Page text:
One of the telltale signs of a basement water problem is stepping into a puddle on the basement floor. Of course, any water that comes into the basement for any reason – hydrostatic or lateral pressure, gutter spillover, or oversaturated soil around the foundation – or from any source – cracks, bad mortar joints or the cove joint – ends up on the basement floor. However, there are certain types of water problems associated with the basement floor and a homeowner that wants to keep it dry is well advised to understand them.
First of all, it helps to understand what a basement floor is and what it isn’t. When a foundation is built, the first thing that is constructed after the excavation is done are the footings, broad slabs of poured concrete that describe the perimeter of the foundation and help spread the weight of the structure. After the footings have cured, the walls are built, either by pouring concrete into forms or building them from concrete blocks and mortar.
After all the structural work of the foundation is done, the soil in the middle is smoothed out even with the tops of the footings, a vapor barrier is laid on top of it and the basement floor is poured. The concrete in the basement floor is usually only two to three inches thick and the floor serves no structural purpose but is there only to provide a clean, flat surface in the basement. The floor is essentially sitting on top of the footings and butted up against the wall. The most notable place water enters through is the cove joint.
How Not to Fix a Wet Basement Floor
Another frequent cause of water in the basement is a non-structural crack in a poured concrete basement wall. These cracks are best repaired by injecting them with expanding polyurethane and many homeowners have tried the “a crack a crack” theory and asked to have floor cracks similarly injected. This doesn’t work.
Injecting a floor crack with expanding polyurethane would seal that crack but would do nothing to alleviate hydrostatic pressure that would just create more floor cracks or worsen cove seepage.
Same goes for trying to patch the cove joint with hydraulic cement or some other material. Even if the patching were successful, and it’s very difficult to force anything into the cove joint, it still wouldn’t change the hydrostatic pressure and the groundwater that creates it will simply find another way into the basement.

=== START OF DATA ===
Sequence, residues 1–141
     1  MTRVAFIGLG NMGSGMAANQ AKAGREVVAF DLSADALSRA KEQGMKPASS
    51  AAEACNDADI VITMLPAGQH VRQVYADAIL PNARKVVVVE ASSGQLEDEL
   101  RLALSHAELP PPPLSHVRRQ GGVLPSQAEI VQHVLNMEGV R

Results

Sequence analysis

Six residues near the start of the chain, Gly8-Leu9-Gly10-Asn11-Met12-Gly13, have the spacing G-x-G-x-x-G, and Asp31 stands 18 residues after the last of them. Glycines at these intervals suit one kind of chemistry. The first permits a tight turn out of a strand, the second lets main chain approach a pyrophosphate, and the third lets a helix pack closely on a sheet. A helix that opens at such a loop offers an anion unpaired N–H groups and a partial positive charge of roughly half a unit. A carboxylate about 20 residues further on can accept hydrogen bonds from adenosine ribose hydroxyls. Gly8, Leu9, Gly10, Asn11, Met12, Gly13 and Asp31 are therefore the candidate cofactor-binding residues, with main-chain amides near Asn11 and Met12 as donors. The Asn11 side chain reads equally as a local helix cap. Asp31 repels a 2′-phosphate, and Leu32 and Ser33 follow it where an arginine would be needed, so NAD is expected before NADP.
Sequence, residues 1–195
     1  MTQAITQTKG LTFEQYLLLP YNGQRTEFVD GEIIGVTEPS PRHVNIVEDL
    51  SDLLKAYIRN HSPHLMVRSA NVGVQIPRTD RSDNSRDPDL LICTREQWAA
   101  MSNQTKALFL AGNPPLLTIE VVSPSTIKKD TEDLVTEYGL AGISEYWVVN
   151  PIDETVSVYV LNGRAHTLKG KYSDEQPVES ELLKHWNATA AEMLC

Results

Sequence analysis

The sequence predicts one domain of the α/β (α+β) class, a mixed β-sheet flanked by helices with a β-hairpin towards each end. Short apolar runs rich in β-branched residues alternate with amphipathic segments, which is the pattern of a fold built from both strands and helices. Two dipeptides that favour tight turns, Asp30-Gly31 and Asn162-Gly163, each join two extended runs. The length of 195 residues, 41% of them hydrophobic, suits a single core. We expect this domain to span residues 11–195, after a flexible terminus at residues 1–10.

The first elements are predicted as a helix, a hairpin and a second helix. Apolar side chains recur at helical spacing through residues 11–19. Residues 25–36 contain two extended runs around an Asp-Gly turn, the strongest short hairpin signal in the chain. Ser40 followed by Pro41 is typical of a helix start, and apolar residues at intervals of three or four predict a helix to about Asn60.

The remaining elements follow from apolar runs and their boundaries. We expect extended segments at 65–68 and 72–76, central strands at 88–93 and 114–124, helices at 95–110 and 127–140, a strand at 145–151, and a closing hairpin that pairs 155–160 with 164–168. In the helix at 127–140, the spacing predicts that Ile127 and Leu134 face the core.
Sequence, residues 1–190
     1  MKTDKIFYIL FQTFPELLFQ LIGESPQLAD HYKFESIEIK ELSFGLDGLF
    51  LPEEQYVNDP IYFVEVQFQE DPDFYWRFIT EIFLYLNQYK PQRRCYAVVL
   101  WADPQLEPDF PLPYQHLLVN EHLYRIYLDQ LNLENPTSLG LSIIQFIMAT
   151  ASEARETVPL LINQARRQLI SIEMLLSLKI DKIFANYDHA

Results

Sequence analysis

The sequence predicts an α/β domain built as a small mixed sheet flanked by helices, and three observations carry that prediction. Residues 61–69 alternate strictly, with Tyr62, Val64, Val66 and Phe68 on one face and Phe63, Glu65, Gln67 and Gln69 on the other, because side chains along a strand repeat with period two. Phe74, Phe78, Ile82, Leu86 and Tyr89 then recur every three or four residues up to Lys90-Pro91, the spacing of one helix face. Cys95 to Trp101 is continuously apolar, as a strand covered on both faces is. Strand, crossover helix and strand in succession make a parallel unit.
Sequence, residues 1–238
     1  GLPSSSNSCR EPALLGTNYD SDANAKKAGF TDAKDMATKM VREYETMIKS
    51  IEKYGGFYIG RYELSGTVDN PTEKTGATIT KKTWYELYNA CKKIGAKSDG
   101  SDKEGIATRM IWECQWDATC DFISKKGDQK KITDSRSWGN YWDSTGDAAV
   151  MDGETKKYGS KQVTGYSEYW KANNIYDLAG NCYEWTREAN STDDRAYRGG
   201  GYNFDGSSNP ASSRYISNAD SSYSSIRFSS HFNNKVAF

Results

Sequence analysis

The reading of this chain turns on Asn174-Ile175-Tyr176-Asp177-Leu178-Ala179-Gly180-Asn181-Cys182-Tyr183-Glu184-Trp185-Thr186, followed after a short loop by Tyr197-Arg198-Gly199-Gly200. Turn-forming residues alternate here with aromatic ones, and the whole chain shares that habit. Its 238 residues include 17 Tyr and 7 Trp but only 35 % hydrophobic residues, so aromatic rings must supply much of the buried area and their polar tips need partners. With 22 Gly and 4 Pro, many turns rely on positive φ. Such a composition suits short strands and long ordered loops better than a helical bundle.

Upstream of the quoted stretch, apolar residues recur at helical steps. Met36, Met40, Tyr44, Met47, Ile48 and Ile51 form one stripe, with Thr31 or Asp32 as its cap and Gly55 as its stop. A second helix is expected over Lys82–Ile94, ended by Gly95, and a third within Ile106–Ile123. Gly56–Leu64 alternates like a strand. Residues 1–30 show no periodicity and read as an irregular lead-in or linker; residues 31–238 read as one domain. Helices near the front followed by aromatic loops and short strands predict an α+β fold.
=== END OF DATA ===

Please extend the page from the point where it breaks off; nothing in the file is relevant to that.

That old standby of DIY filling and sealing, caulk, will not solve either problem and will not adhere to floor cracks or the cove joint. Attempting to use it will just create a sticky mess and waste time that could have been used for a proper repair.
No matter what the source of seepage that creates a wet basement floor there is usually only one way to cure it permanently.
How To Stop Water From Coming Up Through The Basement Floor
The only way to stop water on the basement floor from coming up through the basement floor is by installing an interior drain tile system to collect rising moisture.
Interior drain tile style=”font-size: 12pt; line-height: 107%; font-family: Arial,sans-serif;”> – An interior drain tile system is placed underneath your basement floor around the perimeter of your foundation walls. This system uses a perforated (filled with holes) pipe laid in a bed of washed stone. This pipe collects and redirects rising groundwater to a sump pit.
Vapor barrier – A vapor barrier is a thin polyethylene sheet that’s wrapped around your foundation walls. This will prevent moisture from seeping through your basement walls, channeling any water into the drain tile system below.
Sump pump style=”font-size: 12pt; line-height: 107%; font-family: Arial,sans-serif;”> – A sump pump is a fixture that sits inside a sump pit. Once water is deposited into the sump pit from the drain tile system, the sump pump will eject it from your home using a discharge line. The discharge line transports water at least 20 feet from your home in order to prevent further water seepage.
Who Can Stop Water From Coming Up Through The Basement Floor?
When a homeowner discovers a wet basement floor there’s a very good chance that either cove seepage or cracks in the floor is the cause. Determining the source of seepage is a job for a trained and experienced professional and the homeowner will need the advice and services of a skilled basement waterproofing contractor to do the repair work effectively and permanently. Allow the experts at BAM Basements and Masons to help you. We are one of the most sought-after names when it comes to basement waterproofing in and around Des Moines. Our team has many years of experience and in-depth knowledge about keeping the basement free from moisture and humidity. Therefore, we can suggest the right method for your home. All our basement waterproofing techniques come at bargain basement pricing, and we ensure timely completion of each of the projects. To know more about basement waterproofing and get a free estimate, please feel free to call us!